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Tracking some intriguing Yankees spring training developments

As always, the Yankees’ pitching development is looking quite promising, and that’s not all.

New York Yankees Spring Training Photo by New York Yankees/Getty Images

Earlier this month, I wrote about why spring training may be more valuable than you may initially think. In this era of information, we are now capable of gleaning more insights from the spring than we did 10 years ago. It’s time for a pitcher to show off new pitches or make key adjustments. The same goes for hitters. It’s an opportunity to put their new swing or tweaks on display against real people in a competitive environment. You can figure out whether this thing you were trying out in the cage is viable in game, or if it’s something that will never see the light of day.

As we near the halfway point of spring, I’m here to tell you about some of these developments, and why they be sticky as we get closer and closer to Opening Day. There is no question that each of these developments could have entire articles dedicated to them, so I won’t go too deep into any single one. Instead, I’ll give you a nice guide to refer to as you watch the Yankees for the rest of the spring and wait to see how the Opening Day roster shakes out. I’ll start with the one that has already had an article of its own and has already been discussed on the broadcasts and by Aaron Boone.

Clarke Schmidt’s cutter

Peter Brody covered Schmidt’s new pitch in depth just last week, so I will be brief here. Schmidt’s arsenal is built around his lethal knuckle curve — a pitch that had the highest Stuff+ mark (151) out of all such offerings in 2022. It is a doozy for both lefties and righties because of its sharp break out of the zone. Last year, Schmidt began throwing his slider more often to take hitters off of the curve, and this year, his plan is to diversify even more. His cutter provides a new layer of velocity and movement to keep hitters honest. It’s a perfect addition for somebody who uses sink, sweep, and a gyro-heavy slider.

Deivi García’s resurgence

Alright, so let’s be blunt here. There isn’t a path back to top prospect status for Deivi, barring any insane developments. What will be ideal for him is to prove himself as a legitimate major leaguer who can serve as a swingman. In his first appearance of the spring, he was sitting between 96-98 mph and I was genuinely shocked.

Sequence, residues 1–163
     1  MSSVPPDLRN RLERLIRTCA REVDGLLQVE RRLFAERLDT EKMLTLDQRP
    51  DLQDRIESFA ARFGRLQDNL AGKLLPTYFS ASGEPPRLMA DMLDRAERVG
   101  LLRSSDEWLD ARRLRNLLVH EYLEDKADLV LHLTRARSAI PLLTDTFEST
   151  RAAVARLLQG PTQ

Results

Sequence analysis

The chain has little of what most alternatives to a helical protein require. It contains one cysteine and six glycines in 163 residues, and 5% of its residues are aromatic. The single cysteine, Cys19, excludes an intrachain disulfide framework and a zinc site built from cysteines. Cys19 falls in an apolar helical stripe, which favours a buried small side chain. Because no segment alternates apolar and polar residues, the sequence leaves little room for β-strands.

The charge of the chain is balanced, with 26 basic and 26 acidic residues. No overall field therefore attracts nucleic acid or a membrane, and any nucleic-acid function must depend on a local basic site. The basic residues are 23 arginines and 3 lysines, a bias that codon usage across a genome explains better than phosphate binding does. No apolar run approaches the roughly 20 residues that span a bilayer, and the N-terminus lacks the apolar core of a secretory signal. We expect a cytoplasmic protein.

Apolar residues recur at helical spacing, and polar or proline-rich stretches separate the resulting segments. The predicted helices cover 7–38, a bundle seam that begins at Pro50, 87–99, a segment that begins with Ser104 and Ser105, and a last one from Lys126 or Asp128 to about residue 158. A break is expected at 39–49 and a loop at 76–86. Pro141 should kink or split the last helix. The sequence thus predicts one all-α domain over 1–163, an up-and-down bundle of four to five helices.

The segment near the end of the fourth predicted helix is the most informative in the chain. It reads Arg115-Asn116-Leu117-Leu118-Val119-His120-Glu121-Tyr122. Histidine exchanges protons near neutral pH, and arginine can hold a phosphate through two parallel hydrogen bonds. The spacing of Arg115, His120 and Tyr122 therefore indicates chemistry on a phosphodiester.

One of García’s most valuable skills as a pitcher when he was successful was his ability to dot the lower border of the strike zone from his low, extended arm slot and catch hitters off guard with a sneaky mid-90s fastball. When his velocity regressed to the low-90s, that became a very easy pitch to hit. Now that it’s back up and he’s added a cutter to keep hitters honest, it’s looking like he may be a realistic bullpen option — even if it won’t be on Opening Day.

Wandy Peralta’s velocity increase

We knew that the pitch timer was going to benefit Wandy Peralta. His ability to work rapid fast is second to none. However, I didn’t see a velocity uptick coming for him. He has been throwing both his four-seamer and changeup about 1-1.5 mph harder than he did in 2022. While it may seem difficult to be better than what he was last year, a velocity increase is the best way for him to see that concrete improvement.

It’s possible that this might not last and is something that we see now with him getting more rest in between appearances than he typically does during the season. But if this does carry over, the Yankees may have themselves one of the best left-handed relievers in the game.

Aaron Judge’s heel tap

While I won’t rule it out, Joshua Diemert has already made a valid case for why we shouldn’t expect Aaron Judge to repeat his historic 2022 season. However, this doesn’t mean Judge won’t continue to put in the work to improve an area that he may consider a weakness. If there is one aspect of his game that isn’t elite, it’s his strikeout rate, even though he has improved it over time. Perhaps a step up there will raise his floor and allow him to not have a steep fall off from his MVP season.

Either way, it’s clear that Judge is trying to cut down the K’s. For the first time in his pro career, he is dabbling with a heel tap in two-strike counts in order to simplify his process while protecting. Give it a look:

This is obviously the best-case scenario when you’re in a 1-2 count. Although it’s not going to happen every time, there is something to be said about Judge feeling confident enough to make this change even after last season. He could have simply run it back with the same mindset and swing and nobody would have complained, but like many athletes, Judge did not want to settle. We’ll need more data to come around as the year progresses to know for sure if this is helping, but for now I’ll decide to trust The Captain.

There are additional notable developments coming out of the spring, such as Anthony Volpe and Jasson Domínguez’s offensive performances in general, but these four topics are what I was talking about when I wrote that article last week. Sometimes, we may have a small sample of data and performance that tells us — and the team — valuable information that means something. We need time to see how this develops, but things are looking promising right now.